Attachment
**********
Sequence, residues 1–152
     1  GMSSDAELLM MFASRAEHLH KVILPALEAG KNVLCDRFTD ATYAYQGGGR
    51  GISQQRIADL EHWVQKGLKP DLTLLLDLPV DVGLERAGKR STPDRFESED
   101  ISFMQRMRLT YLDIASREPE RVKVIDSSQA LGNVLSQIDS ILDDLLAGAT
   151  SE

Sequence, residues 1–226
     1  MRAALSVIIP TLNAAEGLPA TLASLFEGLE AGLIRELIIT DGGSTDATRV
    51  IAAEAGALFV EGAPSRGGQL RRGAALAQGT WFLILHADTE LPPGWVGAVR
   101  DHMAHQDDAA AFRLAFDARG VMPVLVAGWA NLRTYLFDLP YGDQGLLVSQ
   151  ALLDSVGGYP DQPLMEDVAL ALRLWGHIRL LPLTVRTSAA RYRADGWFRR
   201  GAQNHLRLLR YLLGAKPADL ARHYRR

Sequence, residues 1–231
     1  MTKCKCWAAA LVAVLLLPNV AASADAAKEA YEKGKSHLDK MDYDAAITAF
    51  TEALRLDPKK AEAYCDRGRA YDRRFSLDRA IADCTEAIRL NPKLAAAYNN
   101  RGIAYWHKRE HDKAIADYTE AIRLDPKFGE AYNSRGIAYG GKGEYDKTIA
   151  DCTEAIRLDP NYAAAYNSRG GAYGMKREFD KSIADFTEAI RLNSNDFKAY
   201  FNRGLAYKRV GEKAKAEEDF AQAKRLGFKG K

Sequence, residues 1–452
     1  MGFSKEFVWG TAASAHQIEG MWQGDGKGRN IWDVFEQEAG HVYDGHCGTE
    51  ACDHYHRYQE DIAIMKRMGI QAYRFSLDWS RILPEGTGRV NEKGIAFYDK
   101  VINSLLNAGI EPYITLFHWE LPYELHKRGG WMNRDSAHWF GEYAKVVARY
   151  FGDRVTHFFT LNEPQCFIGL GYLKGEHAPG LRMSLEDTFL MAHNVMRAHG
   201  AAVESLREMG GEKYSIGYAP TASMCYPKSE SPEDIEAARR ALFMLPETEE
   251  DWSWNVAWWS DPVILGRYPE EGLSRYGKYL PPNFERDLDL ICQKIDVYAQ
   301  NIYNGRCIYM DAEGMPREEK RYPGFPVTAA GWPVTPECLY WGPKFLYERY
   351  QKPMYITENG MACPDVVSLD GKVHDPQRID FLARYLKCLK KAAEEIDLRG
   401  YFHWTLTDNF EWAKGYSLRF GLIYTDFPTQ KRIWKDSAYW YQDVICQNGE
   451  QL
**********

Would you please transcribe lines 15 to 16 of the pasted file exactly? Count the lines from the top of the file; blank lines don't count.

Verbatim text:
   101  RGIAYWHKRE HDKAIADYTE AIRLDPKFGE AYNSRGIAYG GKGEYDKTIA
   151  DCTEAIRLDP NYAAAYNSRG GAYGMKREFD KSIADFTEAI RLNSNDFKAY